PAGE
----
You have great intentions, you think you are being clear, you are trying to share important information or solve a problem—and then it happens—the other person takes it in a way you never could have imagined, or even worse, they took it in a way that they are now angry (or angrier), hurt, or counterproductive to what you need. It’s happened to me, and more often than I care to admit.

Does it even matter if you think you are being crystal clear? Misunderstandings are at the top of my “Do Not Like” list. I have at times, and with certain people, developed a process for developing my communications so that I consider, “what convoluted way could this go wrong?” That approach has helped me, but what helps me even more is understanding common reasons why communications we intend to deliver are received and understood differently. Let’s consider a handful of those reasons and how to address them:


Humanity is distracted. In the opening pages of Brand Intervention, a top selling book that I highly recommend, we learn that,

“According to a recent study by Microsoft, goldfish have an attention span of 9 seconds before flicking onto the next item. We humans now have the attention span of 8 seconds, compared to the 12-second attention span we allegedly used to possess. That’s right. One second less than a freaking goldfish.”

David Brier, Brand Intervention: how to transform your brand into a movement It is likely that while you were communicating, the other person’s mind wandered, or maybe you never really had their attention to begin with. What 9-second portion of what you had to say did they pick up? Ask for the other person’s undivided attention before we begin communicating.


Fatigue is no joke. We all experience times of stress, overload, lack of sleep, and illness. Timing matters. Consider if your audience is up for what you need to communicate. Communicating complex information or confrontation requires energy from the listeners, and often also requires their participation. Evaluate the energy level before you get started with delivering your communication. Decide if the timing is right.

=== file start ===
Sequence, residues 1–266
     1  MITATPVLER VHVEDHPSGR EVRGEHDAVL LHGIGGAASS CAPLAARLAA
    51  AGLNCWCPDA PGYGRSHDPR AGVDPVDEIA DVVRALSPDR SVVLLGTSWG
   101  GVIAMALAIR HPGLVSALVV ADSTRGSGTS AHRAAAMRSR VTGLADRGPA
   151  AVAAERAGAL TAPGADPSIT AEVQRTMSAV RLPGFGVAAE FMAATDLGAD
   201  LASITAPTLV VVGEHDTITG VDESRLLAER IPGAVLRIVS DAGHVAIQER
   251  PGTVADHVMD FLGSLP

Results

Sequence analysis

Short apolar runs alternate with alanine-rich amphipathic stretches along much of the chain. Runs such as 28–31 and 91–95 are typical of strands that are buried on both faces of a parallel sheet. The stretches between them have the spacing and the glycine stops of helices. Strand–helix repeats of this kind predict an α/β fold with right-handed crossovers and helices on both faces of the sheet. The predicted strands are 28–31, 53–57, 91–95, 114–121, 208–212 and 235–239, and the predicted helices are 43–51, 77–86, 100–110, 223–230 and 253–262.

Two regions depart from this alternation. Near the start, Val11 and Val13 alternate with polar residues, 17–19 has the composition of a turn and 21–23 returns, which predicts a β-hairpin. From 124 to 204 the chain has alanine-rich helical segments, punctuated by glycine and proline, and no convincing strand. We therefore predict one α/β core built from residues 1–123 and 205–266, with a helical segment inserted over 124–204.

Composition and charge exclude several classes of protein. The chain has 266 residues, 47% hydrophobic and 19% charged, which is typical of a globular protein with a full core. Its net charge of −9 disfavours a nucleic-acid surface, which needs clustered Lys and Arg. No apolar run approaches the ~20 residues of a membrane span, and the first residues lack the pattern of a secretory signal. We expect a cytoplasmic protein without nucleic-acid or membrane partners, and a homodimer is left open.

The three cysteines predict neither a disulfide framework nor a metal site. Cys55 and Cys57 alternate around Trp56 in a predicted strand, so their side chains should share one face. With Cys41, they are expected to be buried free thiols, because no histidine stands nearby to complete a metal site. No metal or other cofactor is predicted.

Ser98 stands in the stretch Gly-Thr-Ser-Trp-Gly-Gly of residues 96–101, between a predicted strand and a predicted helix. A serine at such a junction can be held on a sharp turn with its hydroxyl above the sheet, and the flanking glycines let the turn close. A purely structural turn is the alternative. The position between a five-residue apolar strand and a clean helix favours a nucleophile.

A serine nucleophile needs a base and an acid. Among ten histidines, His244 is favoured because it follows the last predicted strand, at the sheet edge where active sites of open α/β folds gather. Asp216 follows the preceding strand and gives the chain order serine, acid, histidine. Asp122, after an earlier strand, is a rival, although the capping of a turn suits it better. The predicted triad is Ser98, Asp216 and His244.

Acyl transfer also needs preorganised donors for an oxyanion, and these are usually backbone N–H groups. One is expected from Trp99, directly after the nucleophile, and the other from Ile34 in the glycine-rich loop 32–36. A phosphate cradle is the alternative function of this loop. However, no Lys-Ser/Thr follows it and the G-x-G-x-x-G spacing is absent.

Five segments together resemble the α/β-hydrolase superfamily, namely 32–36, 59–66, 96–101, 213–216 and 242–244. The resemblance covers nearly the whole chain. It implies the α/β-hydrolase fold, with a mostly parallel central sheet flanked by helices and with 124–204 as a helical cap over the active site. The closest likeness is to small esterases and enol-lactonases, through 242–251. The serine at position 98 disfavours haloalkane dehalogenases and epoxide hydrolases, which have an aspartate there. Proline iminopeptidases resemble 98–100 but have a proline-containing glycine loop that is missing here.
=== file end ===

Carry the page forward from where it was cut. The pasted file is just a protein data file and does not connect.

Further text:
Wait, What? How could you be mad at me, I haven’t even started yet? It doesn’t matter. Whatever you might say (or write) to a person who is mad is likely to be taken unfavorably. Emotions, especially emotions with a high charge like anger, cause our blood to rush to our extremities and triggers a flight or fight response. When that happens, our brains do not have everything they need to process or hold on to information effectively.

When someone is mad at you or experiencing a highly charged emotion, it is your job to listen and understand them first. Only when their emotions have settled, which usually happens when they feel like they are heard and understood, can you begin to effectively communicate what you want them to understand. Summon your patience and know the emotional state of your audience before you begin.


There are instances where we don’t have the same experience, education, native language, or tribal knowledge to truly understand what you are communicating. Here’s a story to help you connect with this idea:

Our daughter, Lindsay, was visiting from college, and we were sharing wardrobe and accessory items. Most of the time she was robbing my closet, but one day, I decided her trendy tall boots would look great with my outfit, so I wore them to work. I texted her, letting her know that I had them on in case she was searching for them. I made some silly remark about not feeling too old to be cool anymore. Lindsay texted me back, “LMAO at you, Mom.”

It was more than a decade ago, and I was still new to all the text lingo, and immediately wondered what I did to make her so upset. I was even a little appalled because some of the things she borrowed from me never got returned, and I was complimenting her taste, her style sense, and letting her know how much it brightened my day. I texted back, “Why are you upset?” Lindsay had the perfect response. “Do you know what LMAO even means, Mom?”

I realized I didn’t, I just replaced “LMAO” with “mad,” because that fit the context of “at you.” You can imagine how much LMAO I did once she told me what it meant. Alleviate tension of misunderstandings with curiosity, and ask, “What do you think I was trying to say?” or “What do you think I meant?” or “What did you hear/understand from my message?”


It’s true. We all have baggage. Do you know who or what you are reminding your audience of? You could be reminding them of something unpleasant in their past. Whatever happened in the past might not be yours to solve, and that’s ok, but how do you communicate when this is the problem? If you sense someone is stuck in the past, it is difficult to break through. Try approaching them to understand better as if they were mad or experiencing high emotion. Consider having someone else be the one to communicate with them about topics that they react poorly to, or avoid topics where you cannot find common ground or shared destiny and goals.

This post is not going to solve all of your misunderstandings, but I believe there are some good insights to help you navigate misunderstandings when they occur. If you still struggle, or know you need to communicate about something that is high stakes, please contact us today. We love getting to know your situation and share more about our process for avoiding, “what convoluted way this could go wrong.”

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